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Langer’s intense coaching style in the spotlight after testing summer

Dressing-room sources say that over a gruelling summer, Langer’s management style wore thin with some players, who on top of having to live in a bubble for months on end say they have become drained by his intensity and mood swings.

Players believe Langer means well and respect his legacy in the sport but some have turned more and more to assistant coach Andrew McDonald for support because they increasingly don’t know where they stand with the boss and have found the former all-rounder more approachable.

Sources say some senior players are frustrated at the atmosphere in the team being brought down by the coach’s shifting emotions and what they see as too much micro-management. They say that has extended to bowlers being bombarded with statistics and instructions about where to bowl at lunch breaks including during the fourth and final Test against India at the Gabba.

During the Brisbane Test Langer ordered a player not to persist with a habit of jamming a toasted sandwich in his pocket to eat on the field.

Sources say the coach’s headmaster-like manner and difficulty coping with pressure was in the summer increasingly incompatible with a team consisting largely of experienced players in their late 20s or 30s.
Langer, searching for answers to redirect a team not travelling as well as hoped against India, struggled to connect with team talks in which, sources said, he tried to motivate players by quoting his father or a famous coach such as Sir Alex Ferguson.

Contacted on Friday, Langer disputed any suggestion his relationship with players had deteriorated, saying it “couldn’t be further from the truth”. But he added that “leadership isn’t a popularity contest”.

“If players just want someone to tickle their stomachs all the time then I’m not doing my job,” he said.

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He denied micro-managing bowlers. “It’s actually the opposite of what happens,” Langer said. “I never talk about statistics to the bowlers, ever. I don’t go to any of the bowlers’ meetings. That’s what the bowlers’ coach is meant to be doing.

“I don’t do any of that. I never, ever, ever speak to any of the bowlers about any of that sort of stuff. And I learnings of the last few months are I should start looking at that more.”

He said he had only ever once quoted his father, who reminded him about why he had taken the team to Gallipoli, telling him to “harden up, son” at the prospect of quarantining in Adelaide after last year’s white-ball tour of England.

Even seemingly innocuous incidents have irked some players. During the Brisbane Test Langer ordered a player not to persist with a habit of jamming a toasted sandwich in his pocket to eat on the field.

Ensuring Australian players have nothing in their pockets would appear to be sound advice and given the events of the past the coach defended the move.

“You’re walking on against India, we’re trying to win a Test match and one of our players walks on with a toasted sandwich in his hand,” Langer said. “I spoke to [the player] about it at length yesterday. I said, ‘How do you reckon it looks, mate?’ Is that not something I should say?“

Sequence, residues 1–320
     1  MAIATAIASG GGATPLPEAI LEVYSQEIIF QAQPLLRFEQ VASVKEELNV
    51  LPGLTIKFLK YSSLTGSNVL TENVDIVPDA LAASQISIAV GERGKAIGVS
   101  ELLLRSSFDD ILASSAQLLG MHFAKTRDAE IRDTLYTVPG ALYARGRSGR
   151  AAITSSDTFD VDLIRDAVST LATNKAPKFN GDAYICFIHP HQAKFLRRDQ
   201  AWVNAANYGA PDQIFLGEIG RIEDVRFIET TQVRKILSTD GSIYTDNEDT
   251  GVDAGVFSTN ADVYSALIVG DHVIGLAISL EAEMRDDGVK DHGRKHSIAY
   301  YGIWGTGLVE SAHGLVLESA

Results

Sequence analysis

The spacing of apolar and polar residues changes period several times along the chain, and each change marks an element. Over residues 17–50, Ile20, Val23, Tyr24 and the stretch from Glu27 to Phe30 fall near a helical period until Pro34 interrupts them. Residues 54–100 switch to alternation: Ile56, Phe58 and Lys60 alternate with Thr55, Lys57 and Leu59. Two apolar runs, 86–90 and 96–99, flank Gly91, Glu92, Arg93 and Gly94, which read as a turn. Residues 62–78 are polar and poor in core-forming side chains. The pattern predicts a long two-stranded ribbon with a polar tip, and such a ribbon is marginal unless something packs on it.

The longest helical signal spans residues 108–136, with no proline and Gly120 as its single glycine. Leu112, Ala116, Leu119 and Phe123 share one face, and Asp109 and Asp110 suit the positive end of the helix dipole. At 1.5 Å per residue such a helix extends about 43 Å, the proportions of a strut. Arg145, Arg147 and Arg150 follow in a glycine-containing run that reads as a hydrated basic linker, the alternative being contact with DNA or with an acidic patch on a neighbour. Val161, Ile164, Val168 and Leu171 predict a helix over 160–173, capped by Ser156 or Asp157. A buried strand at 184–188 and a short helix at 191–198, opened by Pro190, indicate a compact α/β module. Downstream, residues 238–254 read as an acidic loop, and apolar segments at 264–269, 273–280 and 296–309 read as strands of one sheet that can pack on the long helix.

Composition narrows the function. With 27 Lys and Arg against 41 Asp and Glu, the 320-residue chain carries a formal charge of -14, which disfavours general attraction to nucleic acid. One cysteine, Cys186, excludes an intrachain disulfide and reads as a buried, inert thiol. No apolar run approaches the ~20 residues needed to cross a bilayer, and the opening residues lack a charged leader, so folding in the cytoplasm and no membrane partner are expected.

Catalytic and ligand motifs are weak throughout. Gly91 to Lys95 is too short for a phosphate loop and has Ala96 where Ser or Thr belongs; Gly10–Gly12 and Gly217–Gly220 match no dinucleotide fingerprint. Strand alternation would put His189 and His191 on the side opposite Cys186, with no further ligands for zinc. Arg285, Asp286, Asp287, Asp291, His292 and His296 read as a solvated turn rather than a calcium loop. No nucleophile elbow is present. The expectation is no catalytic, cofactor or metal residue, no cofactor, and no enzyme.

The state of affairs in the team is not mutinous or unanimous in that players have not taken their dissatisfaction higher up the chain at Cricket Australia. But while they won’t say anything publicly sources say some have spoken about it among themselves since the series against India wound up.

The climate inside the Australian camp raises questions about how much longer it can remain in its current configuration, with Langer the head coach across all Tests, one-day internationals and Twenty20 internationals and one of three selectors as well.

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The team will set off within the next month for a three-Test tour of South Africa unless it is called off due to the pandemic. They will be confined again to a hotel – a country club-style resort outside Centurion – when they’re not at the ground and then forced into quarantine not for the first time when they return to Australia.

As much as life on the road is part of the job and, as Langer points out, has been for years, players have spoken about the toll it takes. Until they were set free in Brisbane last week, the coach, and many of the players, had varying degrees of limitations on their movements going back to last August between a tour of England, the Indian Premier League and the home season.

The 50-year-old’s passion and desire for the Australian team to succeed can never be queried, nor can his responsibility for helping the side rise from the ground zero of Cape Town in 2018.

There are also sources close to the team who say that Langer’s intensity is a more than acceptable drawback for a figure who brings many other attributes to the table such as inspiring loyalty and valuing discipline.

But with his contract still having 18 months to run and the extra demands brought on by COVID-19 continuing for the foreseeable future, CA must decide whether to press on with the status quo or consider changes.
Langer said he was dealing fine with the workload of the position.

“There are stresses to the job,” he added. “It’s a big job.”

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